Google Android was the only smartphone operating system to see its U.S. subscriber percentage increase in the three-month period between February and May 2010, according to new data from research firm comScore. Microsoft, Research In Motion, Apple and Palm all saw their share of the market decline during those three months, but not precipitously.
Although RIM’s BlackBerry franchise continued to hold the overall lead in U.S. subscribers, with 41.7 percent of the market, it faced a slight 0.4 percent decline. Apple came in second place with 24.4 percent of the market, a drop over the three-month period of 1 point. In third was Microsoft, which slid 1.9 percent to a 13.2-percent share. Meanwhile, Palm-recently acquired by Hewlett-Packard-dipped from 5.4 percent to 4.8 percent.
During the period, however, Google increased its share from 9 percent to 13 percent.
The news was rosier for Google’s competitors than those numbers suggest, according to comScore. “Despite losing share to Google Android, most smartphone platforms continue to gain subscribers as the smartphone market overall continues to grow,” the firm wrote in a July 8 press release accompanying the results, adding that 49.1 million people in the United States currently own smartphones.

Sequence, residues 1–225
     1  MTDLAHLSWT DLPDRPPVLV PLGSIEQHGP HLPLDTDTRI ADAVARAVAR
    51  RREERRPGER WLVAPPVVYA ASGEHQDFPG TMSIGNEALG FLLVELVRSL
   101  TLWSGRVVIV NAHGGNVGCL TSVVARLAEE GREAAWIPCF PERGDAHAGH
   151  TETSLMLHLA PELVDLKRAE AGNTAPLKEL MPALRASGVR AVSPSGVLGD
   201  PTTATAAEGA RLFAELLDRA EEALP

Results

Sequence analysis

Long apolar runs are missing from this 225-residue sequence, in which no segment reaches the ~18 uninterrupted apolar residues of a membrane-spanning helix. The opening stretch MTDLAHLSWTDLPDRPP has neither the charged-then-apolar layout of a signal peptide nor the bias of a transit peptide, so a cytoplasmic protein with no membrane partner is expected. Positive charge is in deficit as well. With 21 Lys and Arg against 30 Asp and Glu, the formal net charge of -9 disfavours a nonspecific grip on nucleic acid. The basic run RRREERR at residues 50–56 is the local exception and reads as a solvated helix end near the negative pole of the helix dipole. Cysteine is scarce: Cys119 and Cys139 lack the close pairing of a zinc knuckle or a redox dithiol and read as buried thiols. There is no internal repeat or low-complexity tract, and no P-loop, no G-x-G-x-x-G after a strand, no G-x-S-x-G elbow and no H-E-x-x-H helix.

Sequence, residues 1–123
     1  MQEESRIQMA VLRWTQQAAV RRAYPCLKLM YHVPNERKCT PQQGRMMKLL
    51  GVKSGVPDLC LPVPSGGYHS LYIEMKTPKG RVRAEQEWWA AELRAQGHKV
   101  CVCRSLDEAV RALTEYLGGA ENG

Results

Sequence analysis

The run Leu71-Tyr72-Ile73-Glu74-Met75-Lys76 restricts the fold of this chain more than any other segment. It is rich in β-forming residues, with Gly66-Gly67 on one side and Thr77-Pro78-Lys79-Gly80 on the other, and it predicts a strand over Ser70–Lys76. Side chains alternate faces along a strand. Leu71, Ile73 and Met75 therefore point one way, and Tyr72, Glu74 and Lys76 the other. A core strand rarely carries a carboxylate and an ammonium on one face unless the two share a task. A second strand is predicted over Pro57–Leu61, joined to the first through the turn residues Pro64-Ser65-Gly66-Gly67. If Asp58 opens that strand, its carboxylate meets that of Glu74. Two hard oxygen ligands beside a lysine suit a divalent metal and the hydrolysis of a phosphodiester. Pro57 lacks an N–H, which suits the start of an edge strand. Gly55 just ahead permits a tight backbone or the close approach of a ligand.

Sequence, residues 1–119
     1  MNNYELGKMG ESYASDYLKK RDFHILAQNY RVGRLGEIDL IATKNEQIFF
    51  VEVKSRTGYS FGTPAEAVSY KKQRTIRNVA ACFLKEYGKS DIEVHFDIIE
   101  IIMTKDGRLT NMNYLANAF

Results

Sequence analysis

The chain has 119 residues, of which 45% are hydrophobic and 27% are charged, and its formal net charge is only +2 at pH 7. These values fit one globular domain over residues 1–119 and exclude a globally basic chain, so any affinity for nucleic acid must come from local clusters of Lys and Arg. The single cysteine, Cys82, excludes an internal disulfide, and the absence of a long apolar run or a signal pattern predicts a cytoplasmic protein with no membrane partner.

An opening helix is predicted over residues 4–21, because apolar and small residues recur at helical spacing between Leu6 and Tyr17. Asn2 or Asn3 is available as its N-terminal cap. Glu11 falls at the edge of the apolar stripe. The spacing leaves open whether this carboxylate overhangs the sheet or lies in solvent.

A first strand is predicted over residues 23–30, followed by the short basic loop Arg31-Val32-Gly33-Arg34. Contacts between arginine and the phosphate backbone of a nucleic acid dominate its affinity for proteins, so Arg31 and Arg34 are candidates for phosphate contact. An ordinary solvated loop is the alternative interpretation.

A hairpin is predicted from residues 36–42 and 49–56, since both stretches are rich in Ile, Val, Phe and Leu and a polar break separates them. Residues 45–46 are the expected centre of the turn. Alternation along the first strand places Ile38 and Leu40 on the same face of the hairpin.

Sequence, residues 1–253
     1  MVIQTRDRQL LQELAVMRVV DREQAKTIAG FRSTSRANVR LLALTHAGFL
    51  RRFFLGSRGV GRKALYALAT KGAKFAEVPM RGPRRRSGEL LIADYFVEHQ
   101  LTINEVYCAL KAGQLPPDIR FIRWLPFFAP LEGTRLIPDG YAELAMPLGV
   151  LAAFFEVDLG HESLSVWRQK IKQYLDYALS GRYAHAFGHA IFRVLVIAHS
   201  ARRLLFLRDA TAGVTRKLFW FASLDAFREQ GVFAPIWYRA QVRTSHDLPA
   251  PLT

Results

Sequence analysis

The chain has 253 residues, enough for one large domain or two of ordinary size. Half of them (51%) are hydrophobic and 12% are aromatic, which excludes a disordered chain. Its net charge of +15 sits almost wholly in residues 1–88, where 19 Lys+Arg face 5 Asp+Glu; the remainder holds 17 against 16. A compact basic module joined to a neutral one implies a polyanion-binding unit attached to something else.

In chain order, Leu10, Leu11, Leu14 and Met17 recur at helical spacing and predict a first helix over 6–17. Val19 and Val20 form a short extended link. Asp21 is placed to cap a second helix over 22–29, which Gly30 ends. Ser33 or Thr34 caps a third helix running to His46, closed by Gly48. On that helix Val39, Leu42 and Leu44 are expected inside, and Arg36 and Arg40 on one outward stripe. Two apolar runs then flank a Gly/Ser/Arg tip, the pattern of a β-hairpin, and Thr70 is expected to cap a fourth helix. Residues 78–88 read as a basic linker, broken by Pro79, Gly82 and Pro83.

Those numbers will likely change over the course of the summer, given the recent introduction of Apple’s iPhone 4 and several robust Google Android smartphones.
During the three days following its June 24 launch, the iPhone 4 managed to sell 1.7 million units. “This is the most successful product launch in Apple’s history,” Apple CEO Steve Jobs wrote in a June 28 statement. “Even so, we apologize to those customers who were turned away because we did not have enough supply.”
However, Apple soon found itself playing defense, after some users reported that touching the device’s exterior antenna rim reduced their reception to zero. Apple responded first with a statement that suggested users experiencing the issue should switch how they hold the smartphone, or else keep the device in a case; as the controversy continued to gain momentum, though, Apple then released another statement on July 2 stating that “the formula we use to calculate how many bars of signal strength to display is totally wrong.”
The company then promised to push through a software update that would fix the issue. In the meantime, its Android-based rivals wasted no time posting ads that mocked Apple’s troubles. Verizon ran a full-page ad in The New York Times, for example, suggesting that the Motorola Droid X could be held “any way you like and use it just about anywhere.”
Strong Android sales have boosted the quarterly results of smartphone manufacturers such as HTC, which posted profits of $268 million for the second quarter of 2010. The hope on the part of these companies is that new devices such as the HTC Evo 4G, Samsung Galaxy S and Motorola Droid X will all gain more adopters-and if that happens, expect the comScore numbers to reflect that action next quarter.